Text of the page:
Moneyball tells the story of the 2002 season of the Oakland Athletics,a team that rose to notoriety because of its low payroll and unorthodoxplayer selection. Billy Beane (Brad Pitt), a former player turnedgeneral manage, grows tired with the ancient, inefficient ways of thegame he has committed his entire life to. When a transaction goes awryhe stumbles across Peter Brand (Jonah Hill), a Yale, economics graduatewho believes he has a system to rating players based on numbers.<br><br>Billy and Peter begin trading, signing, and grooming the team based ondata, not scouting, something that other members of the team are notfond of, including Art Howe (Philip Seymour Hoffman), the team'smanager. Billy and Peter's system defies current baseball logic, butwhen the club starts to win games with players like Scott Hatteberg(Chris Pratt), David Justice (Stephen Bishop), and Chad Bradford (CaseyBond), the eyes of the country turn to Oakland, where only seeing isbelieving.<br><br>What happened in Oakland back in '02 was incredible. It shouldn't havehappened if you ask the right people, and other people will tell you itmeans nothing. Well, it did mean something it has changed the waypeople think about the game for good. You couldn't just go out and lookat a kid to see if he would be a star or not. There were more stats toconsider than home runs, strikeouts, and batting average. The game wasexpanding and becoming more and more a battle of logic.<br><br>The film's structure is centered mostly on Billy Beane, but the mostexciting parts for me were about the system. Writer Aaron Sorkin, who afew months back accepted a slew of awards for his screenplay The SocialNetwork, tosses out jargon that baseball fanatics go crazy for. For thegeneral audience, that's where Billy helps out. Peter explains thesystem and has to break it down more for Beane (i.e. the audience) soeverybody on screen and in the seats is on the same page.<br><br>Pitt's portrayal of Beane won me over. He completely caught me offguard. I know Pitt can act but I remember him for performances thatwere very complex on the outside. Aldo Raine (Inglourious Basterds)with his pronounces chin, squinty eyes, and thick accent. BenjaminButton (The Curious Case of Benjamin Button) who grew younger as he gotolder. Jeffrey Goines (12 Monkeys) who couldn't sit still let alonefocus on one subject in a conversation. Yes, he was nominated for allthese performances, but in a performance like this there is somethingbubbling under the surface. All of his characters to an extent havesomething going on underneath, only this character, Billy Beane, is sonormal and calm on the outside, yet when he is alone we can see painand frustration.<br><br>His supporting cast of Hill, Hoffman, and the slew of ball players andcolleagues, help turn this baseball team into the world of OaklandAthletics. Hill and Hoffman especially play perfect compliments toPitt's sunny exterior. Hill is quiet, timid, and very smart. Hoffman iscold, weathered, and stubborn. Pitt is able to play off of bothtemperaments and make their scenes together pop off the screen.<br><br>The one thing that this movie has going for it is the lack of actualaction on the diamond. There are some great scenes of actual baseball,one at bat by Hatteberg in particular struck a chord with me, but forthe most part the action is behind the scenes. There is enough for asports junkie to get their fix and enough drama and with Beane and hisfamily to entice any average viewer into the theater. I can't think ofmany target groups that wouldn't find it interesting, except forchildren, due to language and complexity of some of the dialogue. Allin all this is one movie that will please a lot of people, and moreimportantly a lot of different people, sort of like The Blind Side,only the movie is actually really good.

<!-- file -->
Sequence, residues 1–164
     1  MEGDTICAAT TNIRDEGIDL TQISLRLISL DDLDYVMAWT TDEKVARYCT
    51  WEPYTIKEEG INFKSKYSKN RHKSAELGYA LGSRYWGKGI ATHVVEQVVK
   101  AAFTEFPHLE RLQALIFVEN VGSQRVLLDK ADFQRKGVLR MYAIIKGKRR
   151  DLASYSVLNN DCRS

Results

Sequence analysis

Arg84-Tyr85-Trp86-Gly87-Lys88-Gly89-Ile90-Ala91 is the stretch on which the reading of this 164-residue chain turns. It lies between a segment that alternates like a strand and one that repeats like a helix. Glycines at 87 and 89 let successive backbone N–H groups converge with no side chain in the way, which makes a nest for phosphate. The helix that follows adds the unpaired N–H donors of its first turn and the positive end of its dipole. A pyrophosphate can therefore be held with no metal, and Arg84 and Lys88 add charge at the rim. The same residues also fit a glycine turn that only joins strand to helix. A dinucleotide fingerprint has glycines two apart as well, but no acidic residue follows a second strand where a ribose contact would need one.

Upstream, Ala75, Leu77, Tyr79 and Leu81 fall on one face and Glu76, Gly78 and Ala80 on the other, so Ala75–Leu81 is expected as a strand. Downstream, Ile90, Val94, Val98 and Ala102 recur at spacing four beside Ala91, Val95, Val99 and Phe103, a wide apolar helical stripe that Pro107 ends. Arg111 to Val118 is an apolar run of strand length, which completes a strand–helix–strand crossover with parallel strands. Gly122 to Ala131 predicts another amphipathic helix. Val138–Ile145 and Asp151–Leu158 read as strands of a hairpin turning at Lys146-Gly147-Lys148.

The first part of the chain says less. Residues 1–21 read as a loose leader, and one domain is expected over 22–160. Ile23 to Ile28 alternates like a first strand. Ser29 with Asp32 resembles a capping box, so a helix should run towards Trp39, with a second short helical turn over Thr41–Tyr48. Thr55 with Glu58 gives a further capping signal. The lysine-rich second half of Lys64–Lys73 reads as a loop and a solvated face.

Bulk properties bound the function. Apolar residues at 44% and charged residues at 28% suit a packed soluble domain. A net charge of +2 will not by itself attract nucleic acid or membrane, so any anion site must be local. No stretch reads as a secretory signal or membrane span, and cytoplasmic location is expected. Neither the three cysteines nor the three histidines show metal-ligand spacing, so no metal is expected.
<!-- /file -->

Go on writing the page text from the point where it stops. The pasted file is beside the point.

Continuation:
Biography / Drama
Biography / Drama
Oakland A's GM Billy Beane is handicapped with the lowest salary constraint in baseball. If he ever wants to win the World Series, Billy must find a competitive advantage. Billy is about to turn baseball on its ear when he uses statistical data to analyze and place value on the players he picks for the team.
Downloaded 172826 times
5/1/2017 3:25:05 PM